Thursday, February 14, 2013

Behavior Patterns of the Wild Muzungu

This is for mum; who wanted to know about daily life.  Love you!

I wake up between 6:30 and 7 to the sound of my family's roosters and my host sisters beautiful singing. I have started running in the mornings. Mornings are cool and misty, with heavy clouds hovering around the hills surrounding the lake I run around. The elevation and hills are killer here, it's going to take a lot of time to get used to. The national Rwandan breakfast food seems to be slightly stale hotdog buns, which I have with honey every day. Oddly there are no hotdogs in Rwanda, just the flavorless airy oblong breads.

The artificial lake I run around. 

My host family's lovely (and huge) house. 

By 8 I am trying to catch a cramped mini-bus to school. The buses friendly affairs, not just because we squeeze 4 or 5 people in rows of three seats, but I chat in broken English, Kinyarwanda or french with my neighbors. I have class every morning from 9 to 1 at SIT headquarters, a beautiful house near the American embassy. We start with a lesson in Kinyarwanda by the irascible JP, an enthusiastic guy who produces the music of Rwanda's top rap stars and apparently teaches American kids just for fun. We may get a guest lesson from one of Rwanda's biggest stars! JP teaches us Rwandan songs, has us do skits in Kenyarwanda and bounces with energy. Then we usually have a lecture on Rwandan history, or research methods.

Lunch we usually go to one of the anonymous buffet style restaurants with the standards of Rwandan food: rice, french fries, some kind of soup, savory plantains, and several other potatoes of various forms. Or we get snack food like Samosas and bring it back to school and eat in the garden. Did that today, along with mangoes and passion fruit which was fantastic!

Afternoons sometimes have more classes, sometimes we go to visit NGOs, or we go to the library with fast internet – a treat as delicious as food that is not potatoes. I spent this afternoon reading in the roof-top cafe of the library, overlooking mountains dotted with small red-roofed villages, drinking spicy ginger tea, and feeling incredibly lucky.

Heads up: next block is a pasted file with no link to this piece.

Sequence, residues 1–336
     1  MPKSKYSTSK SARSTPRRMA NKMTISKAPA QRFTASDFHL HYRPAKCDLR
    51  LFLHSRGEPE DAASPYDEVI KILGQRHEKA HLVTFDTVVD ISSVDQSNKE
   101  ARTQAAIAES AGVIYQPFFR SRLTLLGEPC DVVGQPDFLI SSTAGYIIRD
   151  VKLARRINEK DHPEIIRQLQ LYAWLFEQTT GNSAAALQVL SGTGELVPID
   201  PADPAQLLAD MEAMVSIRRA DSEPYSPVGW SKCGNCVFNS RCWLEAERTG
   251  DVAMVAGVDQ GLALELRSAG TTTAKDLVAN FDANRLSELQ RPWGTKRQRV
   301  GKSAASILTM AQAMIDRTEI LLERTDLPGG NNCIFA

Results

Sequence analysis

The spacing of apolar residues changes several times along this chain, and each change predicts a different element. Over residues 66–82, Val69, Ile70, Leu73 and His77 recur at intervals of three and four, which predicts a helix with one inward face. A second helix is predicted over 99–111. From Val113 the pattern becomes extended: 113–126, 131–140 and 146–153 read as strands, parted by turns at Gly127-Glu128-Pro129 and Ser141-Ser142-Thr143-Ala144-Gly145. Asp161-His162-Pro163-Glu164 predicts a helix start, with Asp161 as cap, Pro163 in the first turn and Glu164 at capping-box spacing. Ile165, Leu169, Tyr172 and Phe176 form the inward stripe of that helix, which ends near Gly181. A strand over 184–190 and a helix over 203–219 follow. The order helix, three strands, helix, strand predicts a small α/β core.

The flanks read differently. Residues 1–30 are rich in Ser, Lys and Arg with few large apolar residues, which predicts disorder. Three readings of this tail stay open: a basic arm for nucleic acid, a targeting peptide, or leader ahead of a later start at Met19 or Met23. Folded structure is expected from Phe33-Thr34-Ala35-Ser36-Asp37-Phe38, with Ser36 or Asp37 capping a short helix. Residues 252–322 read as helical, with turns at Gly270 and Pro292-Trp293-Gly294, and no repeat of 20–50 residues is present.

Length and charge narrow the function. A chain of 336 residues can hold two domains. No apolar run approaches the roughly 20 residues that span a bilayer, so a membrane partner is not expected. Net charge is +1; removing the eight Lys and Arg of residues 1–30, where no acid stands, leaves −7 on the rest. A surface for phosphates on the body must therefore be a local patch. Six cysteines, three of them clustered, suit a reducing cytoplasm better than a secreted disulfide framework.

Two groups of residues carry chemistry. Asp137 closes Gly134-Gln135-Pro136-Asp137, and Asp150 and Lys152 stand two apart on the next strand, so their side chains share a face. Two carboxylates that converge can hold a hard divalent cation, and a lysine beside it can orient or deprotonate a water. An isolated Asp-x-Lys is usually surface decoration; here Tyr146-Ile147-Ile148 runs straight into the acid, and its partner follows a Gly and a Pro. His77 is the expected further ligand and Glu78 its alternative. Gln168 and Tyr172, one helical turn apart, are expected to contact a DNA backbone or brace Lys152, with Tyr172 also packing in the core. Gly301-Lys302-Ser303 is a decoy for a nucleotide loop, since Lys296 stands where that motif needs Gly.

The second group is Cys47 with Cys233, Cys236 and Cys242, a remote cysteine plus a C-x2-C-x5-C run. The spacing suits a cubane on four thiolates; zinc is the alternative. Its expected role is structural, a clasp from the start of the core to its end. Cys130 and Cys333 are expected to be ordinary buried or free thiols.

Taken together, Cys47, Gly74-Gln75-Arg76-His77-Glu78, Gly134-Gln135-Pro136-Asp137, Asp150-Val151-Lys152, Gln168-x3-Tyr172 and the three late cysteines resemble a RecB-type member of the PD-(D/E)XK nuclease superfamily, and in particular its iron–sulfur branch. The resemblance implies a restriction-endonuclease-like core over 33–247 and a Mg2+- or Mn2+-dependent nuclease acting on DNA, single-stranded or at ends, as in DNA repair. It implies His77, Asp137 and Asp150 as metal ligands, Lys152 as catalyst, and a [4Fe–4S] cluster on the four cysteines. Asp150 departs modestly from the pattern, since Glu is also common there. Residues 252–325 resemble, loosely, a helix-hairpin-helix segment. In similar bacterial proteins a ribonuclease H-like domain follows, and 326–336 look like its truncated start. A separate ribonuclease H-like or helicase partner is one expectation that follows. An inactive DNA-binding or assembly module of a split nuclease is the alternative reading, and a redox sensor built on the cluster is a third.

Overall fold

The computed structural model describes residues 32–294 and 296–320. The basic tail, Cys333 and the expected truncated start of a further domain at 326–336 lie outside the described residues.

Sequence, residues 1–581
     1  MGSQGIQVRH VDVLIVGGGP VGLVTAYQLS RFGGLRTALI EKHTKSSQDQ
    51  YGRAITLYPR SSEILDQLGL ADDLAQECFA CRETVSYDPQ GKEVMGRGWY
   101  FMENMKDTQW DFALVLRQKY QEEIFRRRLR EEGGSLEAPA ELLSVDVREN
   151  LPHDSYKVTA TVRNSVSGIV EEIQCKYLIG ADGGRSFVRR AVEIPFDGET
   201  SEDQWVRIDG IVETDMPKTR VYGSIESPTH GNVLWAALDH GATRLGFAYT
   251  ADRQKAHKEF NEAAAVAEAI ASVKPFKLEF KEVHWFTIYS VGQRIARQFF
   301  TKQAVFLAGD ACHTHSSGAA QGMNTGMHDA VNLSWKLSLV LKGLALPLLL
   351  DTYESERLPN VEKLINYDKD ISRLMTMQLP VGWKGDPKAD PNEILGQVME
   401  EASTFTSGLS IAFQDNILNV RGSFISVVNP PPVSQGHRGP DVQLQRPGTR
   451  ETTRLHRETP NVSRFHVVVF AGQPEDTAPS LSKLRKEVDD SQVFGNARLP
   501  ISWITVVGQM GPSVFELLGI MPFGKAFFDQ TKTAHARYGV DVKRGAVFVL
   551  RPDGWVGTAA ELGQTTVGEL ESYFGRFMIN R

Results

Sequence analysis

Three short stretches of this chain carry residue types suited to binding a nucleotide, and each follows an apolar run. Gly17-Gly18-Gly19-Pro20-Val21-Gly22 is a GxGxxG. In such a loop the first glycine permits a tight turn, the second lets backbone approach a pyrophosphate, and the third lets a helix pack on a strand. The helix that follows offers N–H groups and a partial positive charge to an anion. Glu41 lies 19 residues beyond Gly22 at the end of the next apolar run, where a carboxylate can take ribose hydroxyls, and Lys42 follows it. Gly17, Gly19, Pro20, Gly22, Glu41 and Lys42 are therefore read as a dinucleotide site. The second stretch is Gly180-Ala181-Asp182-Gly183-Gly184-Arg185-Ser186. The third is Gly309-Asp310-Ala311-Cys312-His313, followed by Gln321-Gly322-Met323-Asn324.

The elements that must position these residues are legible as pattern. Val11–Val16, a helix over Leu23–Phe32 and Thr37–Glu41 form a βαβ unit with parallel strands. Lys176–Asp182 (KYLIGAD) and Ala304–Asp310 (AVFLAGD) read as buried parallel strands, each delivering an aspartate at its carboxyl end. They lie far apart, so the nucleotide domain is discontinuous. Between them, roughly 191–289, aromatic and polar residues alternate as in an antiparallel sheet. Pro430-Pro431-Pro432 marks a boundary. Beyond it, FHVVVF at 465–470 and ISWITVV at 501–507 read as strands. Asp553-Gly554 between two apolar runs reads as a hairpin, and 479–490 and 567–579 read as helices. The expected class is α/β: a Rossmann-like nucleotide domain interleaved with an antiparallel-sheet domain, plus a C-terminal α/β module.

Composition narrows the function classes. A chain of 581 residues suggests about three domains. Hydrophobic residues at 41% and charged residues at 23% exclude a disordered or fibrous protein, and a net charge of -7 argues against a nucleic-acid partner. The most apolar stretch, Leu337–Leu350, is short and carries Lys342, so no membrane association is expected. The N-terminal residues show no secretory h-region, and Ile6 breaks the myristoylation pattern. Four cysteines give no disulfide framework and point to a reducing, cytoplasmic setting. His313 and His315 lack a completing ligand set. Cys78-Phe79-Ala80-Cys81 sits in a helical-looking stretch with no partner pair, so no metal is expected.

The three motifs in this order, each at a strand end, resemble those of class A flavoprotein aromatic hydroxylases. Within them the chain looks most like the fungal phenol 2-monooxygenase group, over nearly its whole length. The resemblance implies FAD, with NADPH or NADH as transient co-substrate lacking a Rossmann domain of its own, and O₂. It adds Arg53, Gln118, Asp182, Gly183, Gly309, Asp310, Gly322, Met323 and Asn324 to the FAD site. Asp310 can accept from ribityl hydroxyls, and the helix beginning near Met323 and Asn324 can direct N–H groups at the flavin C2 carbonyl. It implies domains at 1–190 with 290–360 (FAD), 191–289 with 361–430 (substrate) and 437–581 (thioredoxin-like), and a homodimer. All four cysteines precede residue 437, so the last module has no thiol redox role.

The view on the way to the library. Rwanda, the 'land of a thousand hills' is full of these vistas. Everywhere you go you can see for miles, as if you were walking to school along the blue ridge parkway. 

The lovely national library, overlooking the hills. 

I get back to my host family's house around 6:30, and hang out with the kids through the evening. I do homework while they watch dubbed Korean or Chinese tv shows, we play games, or sing songs. I kick them out of my room by 10 to have a little time to journal or read before I go to sleep. I actually get enough sleep here, a luxury compared to my bleary, coffee-fueled existence at UVA.

I am incredibly impressed with the SIT program. I feel like I've had at least a semester's worth of intellectual growth in the past three weeks. I understand so much more about how I believe the world to be: from world systems, to economic theory, to development, to human nature, to my place in the world. This is what education should be, and I am so grateful to take part in it!  


  1. Oh you wondrous person your posts never fail to put a smile on my face! Really must cross paths this summer, a minimum yearly dose of Anna is definitely a necessity in my life. Much love, K

  2. Whatttt no idea why I'm called Tunecat! Kester

  3. No hens with the roosters? Beautiful pictures and words. I am delighted this is working so well for you. Thanks for sharing your day! Love, Dad

  4. I just read that over 40% of the citizens of Rwanda are 14 and under and that the median age is 19. So when you look at the people around you, you see many your age and younger. No wonder rap is popular.

  5. Thank you for posting your daily experiences. It gives a much clearer picture of your life -- it's not all memorials and grave sites! The rooster is a treat! love -- Mom

  6. from MM: wow! u look like you got a very rich family. i miss u a lot. E is playing on the fire truck she got at Christmas. she was rolling around on it. don't worry, its battery died long ago.i miss u a lot.


    from E: ahhh! this! ANNA!